24th May 2017
When the going gets rough…
I recently gave a sneak preview of my EAGE conference paper “comparison of methods for rough sea-surface estimation” to Shearwater colleagues as part of our regular series of in-house ‘Lunch and Learn’ seminars. If the pleasure of learning about the effect of rough seas on seismic data was not sufficient inducement, there was also a selection of free pizza on offer.
So, what was the seminar about? You really should attend the Paris conference next month for all the detail (broadband session 14 June) but just in case you can’t then, in short, the research is about how we can do a better job handling seismic data acquired in rough sea conditions.
Our vessels tow long streamers of hydrophones behind them, which are designed to record an extended series of echoes coming from beneath the Earth’s surface. This is the seismic data that we want. However, the hydrophones also record a slightly delayed second ‘copy’ of the seismic data that has been reflected at the sea-surface. This is called the ghost and we aim to remove it from the data, as it is frankly confusing for any geologist who is expecting to see only one Earth. For the purposes of calculating the ghost response, it is simplest to assume a mirror-like reflection. This is ok if the sea is calm, but is not a good assumption when the sea is rough. In practice, by ‘rough’ we are talking about wave heights exceeding perhaps as little as half a metre. The waves passing above the streamer perturb the arrival time of the sea-surface ghost reflection and this makes de-ghosting tricky. It can lead to unwanted signal processing artefacts if the timing variations are not known.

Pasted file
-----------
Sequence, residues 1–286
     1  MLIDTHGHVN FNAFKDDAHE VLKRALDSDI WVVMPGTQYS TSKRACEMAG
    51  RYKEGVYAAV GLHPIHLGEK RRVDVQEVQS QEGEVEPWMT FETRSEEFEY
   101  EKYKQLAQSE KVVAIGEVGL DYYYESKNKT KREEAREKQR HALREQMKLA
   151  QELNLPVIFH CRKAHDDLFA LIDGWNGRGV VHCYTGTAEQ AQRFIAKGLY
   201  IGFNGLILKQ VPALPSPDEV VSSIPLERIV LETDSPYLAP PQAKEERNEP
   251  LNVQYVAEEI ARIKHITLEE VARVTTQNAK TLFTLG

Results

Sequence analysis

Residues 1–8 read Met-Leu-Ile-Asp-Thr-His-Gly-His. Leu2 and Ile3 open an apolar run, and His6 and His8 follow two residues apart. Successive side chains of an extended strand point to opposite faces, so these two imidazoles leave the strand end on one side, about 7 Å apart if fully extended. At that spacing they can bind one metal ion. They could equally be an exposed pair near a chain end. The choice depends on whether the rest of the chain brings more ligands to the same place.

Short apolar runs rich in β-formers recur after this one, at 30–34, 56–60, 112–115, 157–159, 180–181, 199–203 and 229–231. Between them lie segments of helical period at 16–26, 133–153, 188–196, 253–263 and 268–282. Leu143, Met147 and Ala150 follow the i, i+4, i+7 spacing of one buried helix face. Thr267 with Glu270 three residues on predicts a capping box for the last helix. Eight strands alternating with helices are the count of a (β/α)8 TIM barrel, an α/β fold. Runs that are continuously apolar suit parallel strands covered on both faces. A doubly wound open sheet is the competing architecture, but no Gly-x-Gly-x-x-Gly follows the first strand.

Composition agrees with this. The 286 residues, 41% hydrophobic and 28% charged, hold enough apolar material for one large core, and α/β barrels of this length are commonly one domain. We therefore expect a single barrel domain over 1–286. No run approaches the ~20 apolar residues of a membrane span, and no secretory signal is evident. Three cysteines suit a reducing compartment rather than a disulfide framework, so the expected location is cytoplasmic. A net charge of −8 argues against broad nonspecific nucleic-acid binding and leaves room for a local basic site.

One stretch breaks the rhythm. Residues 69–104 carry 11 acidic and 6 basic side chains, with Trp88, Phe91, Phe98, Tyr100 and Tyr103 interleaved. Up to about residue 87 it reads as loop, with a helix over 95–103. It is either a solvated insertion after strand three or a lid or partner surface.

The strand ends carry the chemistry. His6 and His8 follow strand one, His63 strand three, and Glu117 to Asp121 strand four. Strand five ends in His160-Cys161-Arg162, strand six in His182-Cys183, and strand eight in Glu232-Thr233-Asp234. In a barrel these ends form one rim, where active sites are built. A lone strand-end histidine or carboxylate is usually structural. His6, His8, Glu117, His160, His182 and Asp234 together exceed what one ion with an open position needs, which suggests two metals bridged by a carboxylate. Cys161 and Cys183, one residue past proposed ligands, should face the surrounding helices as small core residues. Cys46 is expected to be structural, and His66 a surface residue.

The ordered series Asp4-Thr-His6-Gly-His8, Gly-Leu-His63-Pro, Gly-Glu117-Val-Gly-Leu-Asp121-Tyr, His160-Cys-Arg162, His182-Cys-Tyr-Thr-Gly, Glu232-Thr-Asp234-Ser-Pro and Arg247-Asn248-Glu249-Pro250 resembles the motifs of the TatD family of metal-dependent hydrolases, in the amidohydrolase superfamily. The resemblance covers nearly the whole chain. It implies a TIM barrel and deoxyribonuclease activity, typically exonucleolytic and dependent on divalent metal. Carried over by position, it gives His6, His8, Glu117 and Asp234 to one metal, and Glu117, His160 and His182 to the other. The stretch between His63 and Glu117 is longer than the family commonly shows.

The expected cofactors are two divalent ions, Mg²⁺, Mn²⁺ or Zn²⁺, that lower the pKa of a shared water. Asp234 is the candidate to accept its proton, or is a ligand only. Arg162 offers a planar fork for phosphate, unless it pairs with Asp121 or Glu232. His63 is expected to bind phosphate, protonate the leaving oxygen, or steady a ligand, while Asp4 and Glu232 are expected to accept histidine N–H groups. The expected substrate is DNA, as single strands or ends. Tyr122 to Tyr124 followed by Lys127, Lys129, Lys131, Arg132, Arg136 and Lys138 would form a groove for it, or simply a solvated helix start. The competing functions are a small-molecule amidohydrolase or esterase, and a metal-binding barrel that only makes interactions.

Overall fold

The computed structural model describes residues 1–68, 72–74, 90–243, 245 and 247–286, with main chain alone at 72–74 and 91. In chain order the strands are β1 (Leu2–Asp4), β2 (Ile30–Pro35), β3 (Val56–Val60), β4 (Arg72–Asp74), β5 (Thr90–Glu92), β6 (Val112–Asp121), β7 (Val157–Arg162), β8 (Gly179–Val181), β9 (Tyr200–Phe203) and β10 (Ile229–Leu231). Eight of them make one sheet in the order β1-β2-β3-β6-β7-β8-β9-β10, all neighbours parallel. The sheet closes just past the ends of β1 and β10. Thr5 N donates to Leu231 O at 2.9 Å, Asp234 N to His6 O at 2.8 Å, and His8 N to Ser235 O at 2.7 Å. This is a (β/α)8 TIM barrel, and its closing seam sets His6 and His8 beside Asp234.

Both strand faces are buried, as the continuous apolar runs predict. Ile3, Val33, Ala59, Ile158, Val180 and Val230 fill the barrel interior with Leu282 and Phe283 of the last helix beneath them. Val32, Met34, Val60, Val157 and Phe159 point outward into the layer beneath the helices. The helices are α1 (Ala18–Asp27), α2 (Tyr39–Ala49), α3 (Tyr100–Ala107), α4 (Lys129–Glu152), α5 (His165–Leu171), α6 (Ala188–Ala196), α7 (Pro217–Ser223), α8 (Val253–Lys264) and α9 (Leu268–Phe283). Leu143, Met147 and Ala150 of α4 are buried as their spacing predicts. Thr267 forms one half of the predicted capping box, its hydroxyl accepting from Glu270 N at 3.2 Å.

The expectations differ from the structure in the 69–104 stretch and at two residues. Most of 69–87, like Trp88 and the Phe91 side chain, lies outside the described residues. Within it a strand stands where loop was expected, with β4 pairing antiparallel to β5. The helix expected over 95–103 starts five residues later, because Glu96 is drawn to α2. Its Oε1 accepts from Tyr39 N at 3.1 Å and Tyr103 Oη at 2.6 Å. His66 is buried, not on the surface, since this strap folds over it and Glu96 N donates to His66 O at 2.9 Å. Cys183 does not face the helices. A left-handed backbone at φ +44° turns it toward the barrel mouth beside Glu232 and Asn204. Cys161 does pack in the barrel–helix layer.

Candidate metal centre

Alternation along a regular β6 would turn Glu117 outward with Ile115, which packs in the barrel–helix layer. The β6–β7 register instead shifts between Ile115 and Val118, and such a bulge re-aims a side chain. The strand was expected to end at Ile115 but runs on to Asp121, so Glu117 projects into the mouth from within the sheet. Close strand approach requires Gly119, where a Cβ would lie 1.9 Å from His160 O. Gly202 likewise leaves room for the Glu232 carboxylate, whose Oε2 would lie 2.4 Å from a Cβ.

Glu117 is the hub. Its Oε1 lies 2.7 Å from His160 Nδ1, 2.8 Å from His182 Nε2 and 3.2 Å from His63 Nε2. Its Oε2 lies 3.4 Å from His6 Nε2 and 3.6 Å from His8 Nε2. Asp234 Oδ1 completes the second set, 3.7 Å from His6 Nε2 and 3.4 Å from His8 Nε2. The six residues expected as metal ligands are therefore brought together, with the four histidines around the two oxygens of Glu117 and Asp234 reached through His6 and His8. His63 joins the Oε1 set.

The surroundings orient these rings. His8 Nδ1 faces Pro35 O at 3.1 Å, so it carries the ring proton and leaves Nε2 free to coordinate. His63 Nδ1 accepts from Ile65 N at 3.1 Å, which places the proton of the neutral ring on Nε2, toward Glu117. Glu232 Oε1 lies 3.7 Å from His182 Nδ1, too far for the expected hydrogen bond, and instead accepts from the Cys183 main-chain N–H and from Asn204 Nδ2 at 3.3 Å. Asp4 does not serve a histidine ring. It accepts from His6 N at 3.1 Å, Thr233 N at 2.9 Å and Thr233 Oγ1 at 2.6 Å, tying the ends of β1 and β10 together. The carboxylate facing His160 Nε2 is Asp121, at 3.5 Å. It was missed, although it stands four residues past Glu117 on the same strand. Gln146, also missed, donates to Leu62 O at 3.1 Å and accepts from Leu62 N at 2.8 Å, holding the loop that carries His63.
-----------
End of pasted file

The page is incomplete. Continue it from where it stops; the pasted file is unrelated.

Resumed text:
We have recently developed an algorithm that handles variable sea-surface and streamer depth profiles explicitly, so making a reliable estimate of the sea-surface profile is the remaining piece in the puzzle. That is the focus of this most recent research, co-authored with Sergio Grion, where we have compared two different and complementary approaches for deducing the sea-surface profile from the recorded data – one via an interference method and one using the linear theory of wind-driven waves. The refinements to processing that this extra information brings will enable us to maintain a high quality product, even when the weather is not on our side.
Rob Telling, Senior Research Geophysicist